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Pandemic Ruins Ramadan Lantern Industry Season (with VIDEO)
Dania Alahwal exhibits her products at a crafts bazaar. (Courtesy)

Pandemic Ruins Ramadan Lantern Industry Season (with VIDEO)

Lantern makers around the Middle East complain of an enormous economic loss during the peak Ramadan season due to strict COVID-19 lockdown measures

For hundreds of years, lighting Ramadan lanterns has been a common tradition for Muslims around the world. Every year, houses and even whole cities are decorated with colorful lanterns of different sizes and shapes to celebrate and express joy during the holy month. The production and sale of lanterns have become a flourishing industry locally and internationally.

This year, however, was drastically and tragically different.

The coronavirus pandemic has paralyzed international trade and the economies of entire countries, and the impact on artisans has been enormous.

The Media Line spoke to lantern makers from different parts of the Middle East and asked them about their unique industry amid the pandemic.

At his small store in Jerusalem’s Old City, Essam Zghaier used to make and sell Islamic and eastern lanterns that were true masterpieces, in addition to selling valuable antiques, Arabian perfumes and Qurans.

Essam Zghaier at his store in Jerusalem’s Old City. (Courtesy)

Zghaier told The Media Line that there has always been a great demand for lanterns by Jerusalemites and other local residents. Moreover, because his store is located near Al-Aqsa Mosque, his customers regularly include hundreds of tourists per day from a wide variety of national backgrounds. But not this year.

“At this time of the year, the city used to be so crowded, you can’t even walk. Lanterns were hanging in every neighborhood, from every house. Jerusalem used to look like a shiny pearl. But now, it’s heartbreaking to see it a ghost town instead,” he said.

Zghaier, who had to shutter his store three months ago, when a state of emergency was declared in the West Bank, has lost his livelihood.

“With zero revenue, my income is 100% affected by the pandemic. And I’ve lost many books and precious lanterns, which rotted due to the humidity here in my store” he said.

However, he considers his top priority to be safety, for the public and himself: “Material loss doesn’t matter as long as we are safe and sound.”

Dania Alahwal, a talented young woman from Amman, Jordan, followed her passion and, with the support of her father, started a woodworking business three years ago.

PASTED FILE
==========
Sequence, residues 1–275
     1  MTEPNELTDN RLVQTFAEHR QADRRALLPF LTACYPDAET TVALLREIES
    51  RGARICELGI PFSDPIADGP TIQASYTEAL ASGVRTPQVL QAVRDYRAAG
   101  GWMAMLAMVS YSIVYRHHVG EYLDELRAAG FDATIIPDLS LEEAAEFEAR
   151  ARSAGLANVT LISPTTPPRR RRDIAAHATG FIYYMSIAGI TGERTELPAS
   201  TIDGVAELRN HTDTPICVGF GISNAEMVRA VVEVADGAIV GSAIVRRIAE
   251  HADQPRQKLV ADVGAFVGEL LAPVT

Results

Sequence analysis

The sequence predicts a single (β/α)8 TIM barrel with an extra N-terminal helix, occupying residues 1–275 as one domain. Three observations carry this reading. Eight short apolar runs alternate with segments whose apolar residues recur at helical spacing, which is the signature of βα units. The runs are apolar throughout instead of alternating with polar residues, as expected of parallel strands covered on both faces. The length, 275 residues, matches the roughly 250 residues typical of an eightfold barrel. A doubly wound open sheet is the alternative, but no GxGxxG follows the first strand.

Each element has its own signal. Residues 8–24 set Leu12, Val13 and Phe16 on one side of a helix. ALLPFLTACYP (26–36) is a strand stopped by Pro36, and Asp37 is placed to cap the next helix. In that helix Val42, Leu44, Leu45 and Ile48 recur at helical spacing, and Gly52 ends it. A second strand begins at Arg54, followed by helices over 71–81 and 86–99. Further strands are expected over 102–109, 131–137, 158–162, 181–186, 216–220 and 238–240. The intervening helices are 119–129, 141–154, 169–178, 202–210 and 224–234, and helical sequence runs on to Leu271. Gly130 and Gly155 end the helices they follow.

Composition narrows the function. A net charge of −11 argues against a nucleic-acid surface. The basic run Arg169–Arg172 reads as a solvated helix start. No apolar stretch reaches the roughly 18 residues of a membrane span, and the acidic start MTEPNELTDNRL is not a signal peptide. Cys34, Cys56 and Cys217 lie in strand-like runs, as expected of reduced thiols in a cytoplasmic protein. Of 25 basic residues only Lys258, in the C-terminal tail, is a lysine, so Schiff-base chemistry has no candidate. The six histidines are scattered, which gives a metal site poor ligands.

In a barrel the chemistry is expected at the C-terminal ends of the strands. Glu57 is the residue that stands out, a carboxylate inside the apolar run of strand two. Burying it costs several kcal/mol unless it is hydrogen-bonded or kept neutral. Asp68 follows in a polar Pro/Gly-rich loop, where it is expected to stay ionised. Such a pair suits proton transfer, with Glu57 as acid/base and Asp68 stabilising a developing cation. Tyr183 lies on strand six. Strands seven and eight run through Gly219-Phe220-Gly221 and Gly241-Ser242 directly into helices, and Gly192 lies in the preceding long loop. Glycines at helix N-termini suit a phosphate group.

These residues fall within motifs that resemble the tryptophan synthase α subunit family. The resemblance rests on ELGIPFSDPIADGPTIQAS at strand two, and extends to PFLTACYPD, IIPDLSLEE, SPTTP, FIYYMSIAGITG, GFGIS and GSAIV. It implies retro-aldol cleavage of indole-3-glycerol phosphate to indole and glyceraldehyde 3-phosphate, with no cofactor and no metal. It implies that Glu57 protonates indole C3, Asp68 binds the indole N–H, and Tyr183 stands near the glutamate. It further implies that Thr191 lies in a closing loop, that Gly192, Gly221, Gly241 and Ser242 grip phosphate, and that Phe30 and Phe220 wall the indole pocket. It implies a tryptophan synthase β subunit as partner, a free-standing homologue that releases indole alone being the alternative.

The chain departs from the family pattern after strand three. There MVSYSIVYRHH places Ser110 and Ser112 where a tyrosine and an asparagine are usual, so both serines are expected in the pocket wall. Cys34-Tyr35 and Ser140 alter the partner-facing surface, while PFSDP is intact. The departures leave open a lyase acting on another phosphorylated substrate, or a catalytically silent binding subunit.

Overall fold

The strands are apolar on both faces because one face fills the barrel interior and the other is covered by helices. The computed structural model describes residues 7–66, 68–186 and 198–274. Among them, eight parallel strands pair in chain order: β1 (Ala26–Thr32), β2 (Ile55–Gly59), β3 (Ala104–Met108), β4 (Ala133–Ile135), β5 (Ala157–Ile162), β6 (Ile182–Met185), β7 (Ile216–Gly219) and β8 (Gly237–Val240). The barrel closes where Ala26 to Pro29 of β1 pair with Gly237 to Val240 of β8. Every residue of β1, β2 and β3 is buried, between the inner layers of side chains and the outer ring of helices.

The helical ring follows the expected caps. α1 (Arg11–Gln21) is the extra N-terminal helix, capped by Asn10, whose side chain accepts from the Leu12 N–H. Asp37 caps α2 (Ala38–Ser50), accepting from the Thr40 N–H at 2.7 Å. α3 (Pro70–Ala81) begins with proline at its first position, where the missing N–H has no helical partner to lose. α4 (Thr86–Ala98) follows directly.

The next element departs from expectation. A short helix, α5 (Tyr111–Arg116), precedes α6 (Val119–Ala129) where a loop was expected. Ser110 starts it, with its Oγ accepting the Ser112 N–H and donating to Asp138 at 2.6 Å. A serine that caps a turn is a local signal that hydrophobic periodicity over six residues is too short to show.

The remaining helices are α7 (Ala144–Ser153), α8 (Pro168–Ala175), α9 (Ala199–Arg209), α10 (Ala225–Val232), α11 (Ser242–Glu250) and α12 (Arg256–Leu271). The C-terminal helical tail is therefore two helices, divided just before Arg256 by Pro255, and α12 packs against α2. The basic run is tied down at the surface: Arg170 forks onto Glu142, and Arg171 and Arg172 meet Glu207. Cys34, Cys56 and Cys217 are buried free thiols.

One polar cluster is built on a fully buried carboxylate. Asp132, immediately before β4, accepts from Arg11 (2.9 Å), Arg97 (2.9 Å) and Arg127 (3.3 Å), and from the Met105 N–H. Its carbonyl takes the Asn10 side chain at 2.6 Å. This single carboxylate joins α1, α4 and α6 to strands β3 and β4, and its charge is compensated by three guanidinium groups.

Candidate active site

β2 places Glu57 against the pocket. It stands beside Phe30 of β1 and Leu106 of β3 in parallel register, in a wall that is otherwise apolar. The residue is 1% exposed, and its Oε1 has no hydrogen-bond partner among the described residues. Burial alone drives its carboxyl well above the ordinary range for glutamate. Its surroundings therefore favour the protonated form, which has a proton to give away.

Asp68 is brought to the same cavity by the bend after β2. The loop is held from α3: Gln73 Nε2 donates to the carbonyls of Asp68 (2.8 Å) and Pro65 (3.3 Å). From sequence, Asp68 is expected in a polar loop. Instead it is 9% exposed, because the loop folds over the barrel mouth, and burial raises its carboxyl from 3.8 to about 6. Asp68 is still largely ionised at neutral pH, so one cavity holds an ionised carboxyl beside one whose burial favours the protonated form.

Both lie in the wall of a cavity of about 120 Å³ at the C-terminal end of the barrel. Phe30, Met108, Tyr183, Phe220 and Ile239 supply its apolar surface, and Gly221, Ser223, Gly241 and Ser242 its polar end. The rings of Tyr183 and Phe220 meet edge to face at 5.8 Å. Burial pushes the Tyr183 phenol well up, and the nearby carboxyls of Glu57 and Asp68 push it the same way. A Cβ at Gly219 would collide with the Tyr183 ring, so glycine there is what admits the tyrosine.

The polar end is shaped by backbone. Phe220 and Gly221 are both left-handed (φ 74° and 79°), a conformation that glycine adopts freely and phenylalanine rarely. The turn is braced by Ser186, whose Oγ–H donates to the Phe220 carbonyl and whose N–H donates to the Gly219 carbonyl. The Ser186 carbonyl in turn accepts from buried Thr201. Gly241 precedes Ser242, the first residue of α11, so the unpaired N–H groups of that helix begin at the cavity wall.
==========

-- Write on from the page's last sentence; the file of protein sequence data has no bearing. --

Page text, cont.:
She took graphic design courses and learned from YouTube how to make beautiful wooden decorations, crafts and different kinds of lanterns, as well.

Using wood, petroleum jelly and electrical wiring, Alahwal used to produce nearly 2,000 lanterns each Ramadan season. But due to the strict measures against the virus outbreak in Jordan, she had to halt production until further notice.

A wooden lantern by Dania Alahwal. (Courtesy)

“Although my woodshop is near my house, I was worried about myself and my family, so I stopped work when the lockdown started,” Alahwal told The Media Line, adding that “almost all orders and reservations have been canceled as a result.”

It’s not easy for a woman in the Middle East to work as an artisan, but Alahwal has successfully overcome many challenges. Now, the greatest obstacle to her work comes from COVID-19.

Unlike Alahwal, some have actually benefited from the lockdown, considering it a perfect opportunity to use their imaginations and creativity.

Manar Salem, an Egyptian journalist and crafts designer, has decided to spend her time in quarantine designing accessories and lanterns using colorful beads.

Step by step, Salem has learned via YouTube the basics of making bead lanterns, which, she tells The Media Line, “is not easy at all.” Then she adds her own touches to come up with innovative products that are different from others sold in the local market.

A bead lantern by Manar Salem. (Courtesy)

Although she is a skilled designer with brilliant ideas, Salem says she has no experience in marketing, and that this has been an obstacle preventing her from taking her fledgling craft business to the next level.

“Because I feel bored during this quarantine time, I make bead lanterns and other accessories just to have fun and spend my time doing something useful,” she says. “But I don’t have any marketing background and I don’t seek a profit. That’s why I still have most of the lanterns I made.”

Salem remains optimistic and full of positive energy despite the tremendous pressure caused by the pandemic but many people find this hard to do.

The Alya’qoubis, a family of seven in Khan Younis, in the Gaza Strip’s southern governorate, took advantage of the quarantine period by making cardboard lanterns covered with printed fabric and wired with mini-LEDs. The Alya’qoubis sell their lanterns to neighbors and traders, making pocket money for their small children.

Mohammed Alya’qoubi, the father of the family, told The Media Line that his main motivation was fear for his children’s safety: “After the lockdown of schools, parks and public facilities, my kids started to complain about staying home and pressured me to let them go out, which was dangerous.”

“So,” he continued, “my wife and I decided to keep them busy with something useful and fun –making lanterns.”

Mohammed Alya’qoubi with two of his children, alongside their lanterns. (Courtesy)

Mohammed’s wife, Om Feras, told The Media Line that she is proud of her children’s performance and that each one has a specific role to play in their lantern business.

Constructing the lanterns is only part of the job; the children have helped their parents leverage social media platforms such as Instagram and Facebook for marketing purposes, resulting in the sale of more than 70 lanterns so far.

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